The Maxi Cosi Mila is designed for use from birth, with a fully lie-flat seat position for younger babies. It has a very nice compact fold (with the standard umbrella fold technique which makes it a one-handed fold, which is handy) It also has a storage lock which clicks on when it’s folded and ensures it won’t come unfolded while you’re carrying it. The Mila has rear suspension for a ‘smooth’ ride (more on that later!) and comes complete with a matching footmuff for chilly weather, adaptors for the Maxi Cosi Group 0+ carseats, raincover, shopping basket and sun canopy.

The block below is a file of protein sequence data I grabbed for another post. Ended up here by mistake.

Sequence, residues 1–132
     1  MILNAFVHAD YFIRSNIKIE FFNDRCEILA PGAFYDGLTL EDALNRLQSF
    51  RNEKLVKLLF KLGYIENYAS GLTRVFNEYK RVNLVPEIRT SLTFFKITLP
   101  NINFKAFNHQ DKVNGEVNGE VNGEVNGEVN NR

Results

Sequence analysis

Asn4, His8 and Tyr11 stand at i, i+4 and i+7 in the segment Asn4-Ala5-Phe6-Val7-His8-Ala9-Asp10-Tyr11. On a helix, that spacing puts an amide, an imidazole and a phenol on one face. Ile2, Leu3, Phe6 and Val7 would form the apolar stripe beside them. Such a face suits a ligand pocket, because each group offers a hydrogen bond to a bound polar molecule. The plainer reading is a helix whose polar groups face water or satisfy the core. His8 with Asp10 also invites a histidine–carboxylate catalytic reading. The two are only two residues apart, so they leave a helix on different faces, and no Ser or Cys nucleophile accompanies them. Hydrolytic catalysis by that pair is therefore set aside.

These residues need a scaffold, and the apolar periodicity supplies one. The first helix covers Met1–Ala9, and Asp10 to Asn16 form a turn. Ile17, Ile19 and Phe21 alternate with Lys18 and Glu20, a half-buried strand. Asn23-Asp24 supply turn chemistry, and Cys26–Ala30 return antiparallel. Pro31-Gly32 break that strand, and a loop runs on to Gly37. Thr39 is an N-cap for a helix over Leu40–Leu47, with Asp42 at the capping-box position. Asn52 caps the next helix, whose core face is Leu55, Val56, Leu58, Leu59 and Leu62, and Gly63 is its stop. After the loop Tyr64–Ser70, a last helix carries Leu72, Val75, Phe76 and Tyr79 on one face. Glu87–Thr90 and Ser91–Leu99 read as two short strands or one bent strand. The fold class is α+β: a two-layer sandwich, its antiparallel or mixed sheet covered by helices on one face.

I wasn’t about to hand over this purchase without having a play with it myself, so I popped open the box upon my arrival home and unpacked it. The Mila comes pretty much assembled and ready to go – all you have to do is click the wheels into the chassis and it is very straightforward to do, and takes about 30 seconds. Once it’s unfolded and locked into position I found it didn’t feel particularly sturdy – but then I’m used to the Mura, the mother of all buggies as far as sturdiness goes – so I put the flimsy feel of the Mila down to the fact that it was simply a lighter weight pushchair and so was bound to feel a little less solid. The basket is a lovely large size, with space for plenty of shopping, and it is a decent shape too, with high sides so your shopping won’t fall out, and the base of it feels fairly solid so there’s no risk of it sagging down and dragging on the floor. The front wheels swivel, or if you prefer you can lock them with a little grey button located on the front of each wheel – not as convenient as some designs, as you have to bend down to the wheels to lock them, but once locked they are firmly in place and I decided this would please my mother in law no end.